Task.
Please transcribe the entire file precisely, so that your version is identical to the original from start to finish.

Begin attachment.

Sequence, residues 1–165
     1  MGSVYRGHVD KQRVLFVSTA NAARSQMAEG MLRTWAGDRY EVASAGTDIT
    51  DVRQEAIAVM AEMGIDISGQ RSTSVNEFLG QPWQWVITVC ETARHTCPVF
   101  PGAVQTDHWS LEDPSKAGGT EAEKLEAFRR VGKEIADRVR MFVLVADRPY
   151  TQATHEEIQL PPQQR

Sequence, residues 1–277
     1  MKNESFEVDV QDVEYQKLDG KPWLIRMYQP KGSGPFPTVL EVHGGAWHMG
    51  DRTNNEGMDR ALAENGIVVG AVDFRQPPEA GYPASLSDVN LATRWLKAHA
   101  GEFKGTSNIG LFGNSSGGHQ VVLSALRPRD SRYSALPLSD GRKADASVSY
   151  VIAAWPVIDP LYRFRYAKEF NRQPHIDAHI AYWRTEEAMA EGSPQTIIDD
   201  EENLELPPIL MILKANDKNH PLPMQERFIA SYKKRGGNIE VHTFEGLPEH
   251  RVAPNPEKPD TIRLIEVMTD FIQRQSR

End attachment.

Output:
Sequence, residues 1–165
     1  MGSVYRGHVD KQRVLFVSTA NAARSQMAEG MLRTWAGDRY EVASAGTDIT
    51  DVRQEAIAVM AEMGIDISGQ RSTSVNEFLG QPWQWVITVC ETARHTCPVF
   101  PGAVQTDHWS LEDPSKAGGT EAEKLEAFRR VGKEIADRVR MFVLVADRPY
   151  TQATHEEIQL PPQQR

Sequence, residues 1–277
     1  MKNESFEVDV QDVEYQKLDG KPWLIRMYQP KGSGPFPTVL EVHGGAWHMG
    51  DRTNNEGMDR ALAENGIVVG AVDFRQPPEA GYPASLSDVN LATRWLKAHA
   101  GEFKGTSNIG LFGNSSGGHQ VVLSALRPRD SRYSALPLSD GRKADASVSY
   151  VIAAWPVIDP LYRFRYAKEF NRQPHIDAHI AYWRTEEAMA EGSPQTIIDD
   201  EENLELPPIL MILKANDKNH PLPMQERFIA SYKKRGGNIE VHTFEGLPEH
   251  RVAPNPEKPD TIRLIEVMTD FIQRQSR